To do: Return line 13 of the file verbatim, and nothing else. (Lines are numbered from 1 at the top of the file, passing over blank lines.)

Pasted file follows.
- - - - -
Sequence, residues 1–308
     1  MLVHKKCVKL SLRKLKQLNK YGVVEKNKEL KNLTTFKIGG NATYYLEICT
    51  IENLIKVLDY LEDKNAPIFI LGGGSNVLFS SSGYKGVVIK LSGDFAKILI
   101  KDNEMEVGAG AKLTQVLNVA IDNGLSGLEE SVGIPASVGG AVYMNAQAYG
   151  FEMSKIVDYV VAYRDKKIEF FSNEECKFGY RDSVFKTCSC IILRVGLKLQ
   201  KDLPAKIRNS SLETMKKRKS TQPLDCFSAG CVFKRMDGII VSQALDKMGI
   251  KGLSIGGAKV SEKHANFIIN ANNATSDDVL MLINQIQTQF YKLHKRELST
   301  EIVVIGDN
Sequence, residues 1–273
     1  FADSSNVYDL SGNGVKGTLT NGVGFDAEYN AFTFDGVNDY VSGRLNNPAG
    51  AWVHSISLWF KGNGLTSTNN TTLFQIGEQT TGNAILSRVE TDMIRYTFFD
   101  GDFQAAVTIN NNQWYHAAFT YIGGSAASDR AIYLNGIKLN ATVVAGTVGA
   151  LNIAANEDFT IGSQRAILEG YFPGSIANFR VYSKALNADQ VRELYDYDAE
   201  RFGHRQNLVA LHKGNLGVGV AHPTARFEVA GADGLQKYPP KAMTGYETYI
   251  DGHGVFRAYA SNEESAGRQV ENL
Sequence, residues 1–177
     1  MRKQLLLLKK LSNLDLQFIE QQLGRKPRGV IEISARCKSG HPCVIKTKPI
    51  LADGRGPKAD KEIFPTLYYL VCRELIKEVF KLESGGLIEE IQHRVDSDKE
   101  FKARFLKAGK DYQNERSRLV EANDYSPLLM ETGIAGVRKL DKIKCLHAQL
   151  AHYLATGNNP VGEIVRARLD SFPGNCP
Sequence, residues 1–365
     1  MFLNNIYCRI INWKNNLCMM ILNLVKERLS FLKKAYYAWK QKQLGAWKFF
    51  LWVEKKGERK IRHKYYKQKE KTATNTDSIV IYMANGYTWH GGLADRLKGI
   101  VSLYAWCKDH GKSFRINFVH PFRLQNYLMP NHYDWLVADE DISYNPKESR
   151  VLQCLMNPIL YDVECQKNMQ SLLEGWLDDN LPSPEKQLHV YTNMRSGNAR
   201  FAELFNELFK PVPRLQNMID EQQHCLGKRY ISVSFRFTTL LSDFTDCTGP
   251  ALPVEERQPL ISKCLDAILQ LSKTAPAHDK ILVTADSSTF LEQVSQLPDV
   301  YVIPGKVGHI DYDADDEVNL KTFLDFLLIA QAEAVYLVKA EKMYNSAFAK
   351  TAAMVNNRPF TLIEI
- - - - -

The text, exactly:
   151  LNIAANEDFT IGSQRAILEG YFPGSIANFR VYSKALNADQ VRELYDYDAE